Bag of parts, breastmilk pump for Medela Freestyle

Pumping without access to a sink

For pumping on the run situations, I stocked up on redundant pumping parts. It’s an expensive strategy and makes a for a serious load of dishes at the end of the day. Unless you have a dishwasher (I don’t). However, like so many things in the genre of pumping, it may not be ideal, but it works. Once I got into the grove of using fresh sets of parts for every pumping session, I was hooked. Pumping without a sink is fantastic. Packing four sets of pump parts for the day reduces a considerable amount of stress. It simplifies pumping puzzles such as, I didn’t have time to wash my pump parts after the last session, should I try to do it in this gnarly train station bathroom? No! I’ll use another set of parts.

Pump Parts for Traveling Mom, Working Mom, Pumping on the Go

For international flights, I bring four sets of pump parts on the plane. Though planes do have sinks, they are wedged into rooms that I can barely turn around in. I’m a little uneasy about the mysterious timeline of airplane water recirculation. I frequently find the restrooms to be unavailable precisely when I need them. The sink faucets typically have an auto-off function which drives me bananas when batch washing parts. There is rarely a place to host a pile of pump parts before or after the act of washing. And no, I will not put them on the toilet, nor do I want to put them on the baby changing table. Even if I can manage to balance the spinning plates of a full pump assembly cleaning in this shoebox my fellow passengers tend to be unforgiving about bathroom squatters. Unnecessary time pressure is something I try to avoid. And to be totally honest, I am too lazy. I prefer to build a stand-alone pumping ecosystem in my seat, use clean stuff, and wash everything later.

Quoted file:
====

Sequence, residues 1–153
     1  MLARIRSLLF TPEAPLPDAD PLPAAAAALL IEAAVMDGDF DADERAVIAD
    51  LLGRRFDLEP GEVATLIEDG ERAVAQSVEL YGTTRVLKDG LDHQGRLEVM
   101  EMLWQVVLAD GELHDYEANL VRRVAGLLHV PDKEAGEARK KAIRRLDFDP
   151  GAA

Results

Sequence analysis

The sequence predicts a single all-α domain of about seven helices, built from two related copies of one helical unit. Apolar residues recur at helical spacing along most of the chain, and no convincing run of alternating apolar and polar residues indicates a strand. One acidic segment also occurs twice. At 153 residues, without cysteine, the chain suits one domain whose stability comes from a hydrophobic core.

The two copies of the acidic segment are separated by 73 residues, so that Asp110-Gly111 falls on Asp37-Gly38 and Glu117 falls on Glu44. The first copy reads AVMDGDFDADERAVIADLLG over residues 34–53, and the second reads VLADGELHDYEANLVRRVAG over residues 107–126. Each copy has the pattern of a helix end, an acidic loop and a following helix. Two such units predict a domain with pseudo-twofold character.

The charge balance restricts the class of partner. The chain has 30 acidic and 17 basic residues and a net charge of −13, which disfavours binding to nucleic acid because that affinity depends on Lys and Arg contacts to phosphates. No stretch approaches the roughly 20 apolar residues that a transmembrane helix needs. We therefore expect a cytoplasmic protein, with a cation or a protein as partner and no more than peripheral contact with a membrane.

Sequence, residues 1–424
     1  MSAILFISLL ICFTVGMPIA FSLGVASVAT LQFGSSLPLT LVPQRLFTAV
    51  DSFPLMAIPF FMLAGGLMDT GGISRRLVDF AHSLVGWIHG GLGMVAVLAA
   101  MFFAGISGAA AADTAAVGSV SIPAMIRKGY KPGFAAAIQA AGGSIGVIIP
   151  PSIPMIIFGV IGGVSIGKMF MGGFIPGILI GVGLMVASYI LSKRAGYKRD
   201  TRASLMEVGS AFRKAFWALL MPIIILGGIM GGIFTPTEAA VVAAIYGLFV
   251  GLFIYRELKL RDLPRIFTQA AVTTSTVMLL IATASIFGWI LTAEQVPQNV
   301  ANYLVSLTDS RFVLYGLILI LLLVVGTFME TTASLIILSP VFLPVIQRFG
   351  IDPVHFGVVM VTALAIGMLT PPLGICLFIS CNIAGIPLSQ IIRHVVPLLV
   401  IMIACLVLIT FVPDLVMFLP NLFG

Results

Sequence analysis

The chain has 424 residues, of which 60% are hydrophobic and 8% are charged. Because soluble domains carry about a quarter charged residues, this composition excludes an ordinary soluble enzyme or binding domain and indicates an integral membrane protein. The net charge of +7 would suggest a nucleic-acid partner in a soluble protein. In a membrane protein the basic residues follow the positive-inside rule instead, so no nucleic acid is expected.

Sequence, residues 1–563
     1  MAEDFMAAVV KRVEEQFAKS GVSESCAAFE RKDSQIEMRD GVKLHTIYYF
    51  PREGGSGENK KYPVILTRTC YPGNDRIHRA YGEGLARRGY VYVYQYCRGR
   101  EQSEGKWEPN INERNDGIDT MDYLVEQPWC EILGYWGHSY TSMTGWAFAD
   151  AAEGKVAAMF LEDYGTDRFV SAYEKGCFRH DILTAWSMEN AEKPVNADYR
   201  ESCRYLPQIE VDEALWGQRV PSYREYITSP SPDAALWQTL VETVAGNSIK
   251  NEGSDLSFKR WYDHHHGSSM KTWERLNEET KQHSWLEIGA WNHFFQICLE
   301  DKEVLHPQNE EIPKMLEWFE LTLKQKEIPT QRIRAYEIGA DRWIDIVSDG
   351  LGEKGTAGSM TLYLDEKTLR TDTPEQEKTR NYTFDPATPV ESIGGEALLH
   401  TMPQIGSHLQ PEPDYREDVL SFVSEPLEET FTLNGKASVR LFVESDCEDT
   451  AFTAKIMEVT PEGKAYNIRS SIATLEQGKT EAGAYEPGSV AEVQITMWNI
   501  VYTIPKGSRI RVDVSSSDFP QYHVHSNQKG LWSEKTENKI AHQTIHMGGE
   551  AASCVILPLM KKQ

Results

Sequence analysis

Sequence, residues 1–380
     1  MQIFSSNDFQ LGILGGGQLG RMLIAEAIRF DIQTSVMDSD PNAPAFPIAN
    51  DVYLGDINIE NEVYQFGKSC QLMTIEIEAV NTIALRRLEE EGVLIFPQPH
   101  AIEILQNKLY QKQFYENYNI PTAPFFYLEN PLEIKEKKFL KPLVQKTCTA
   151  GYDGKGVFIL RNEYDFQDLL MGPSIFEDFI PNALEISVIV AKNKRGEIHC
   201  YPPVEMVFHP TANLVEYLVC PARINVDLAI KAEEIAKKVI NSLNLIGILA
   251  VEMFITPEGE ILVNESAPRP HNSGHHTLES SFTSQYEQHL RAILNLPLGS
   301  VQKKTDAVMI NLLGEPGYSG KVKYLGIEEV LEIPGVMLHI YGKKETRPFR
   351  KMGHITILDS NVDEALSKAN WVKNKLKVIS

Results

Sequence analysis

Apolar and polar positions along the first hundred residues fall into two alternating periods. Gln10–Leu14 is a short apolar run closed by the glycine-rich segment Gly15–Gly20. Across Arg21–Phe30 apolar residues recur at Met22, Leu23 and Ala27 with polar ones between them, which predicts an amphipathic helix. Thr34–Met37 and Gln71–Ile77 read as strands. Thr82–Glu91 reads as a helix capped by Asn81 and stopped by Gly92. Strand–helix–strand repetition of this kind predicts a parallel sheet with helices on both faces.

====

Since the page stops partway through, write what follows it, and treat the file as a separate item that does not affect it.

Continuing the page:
Packing extra pump parts while traveling.

A large paper bakery bag lives in the corner of our kitchen now. When dishes are dry and being put away all of the pump parts get thrown into that bag. Before I head out on a trip, I grab the bag and parse out sets of parts into separate ziplock bags. At the start of each pumping session, I grab one ziplock bag of parts, use them, and then return them to that bag, next time I reach for a new one. By the day’s end I’ve generated a sack full of milk crusted parts that I wash when I get to my destination.

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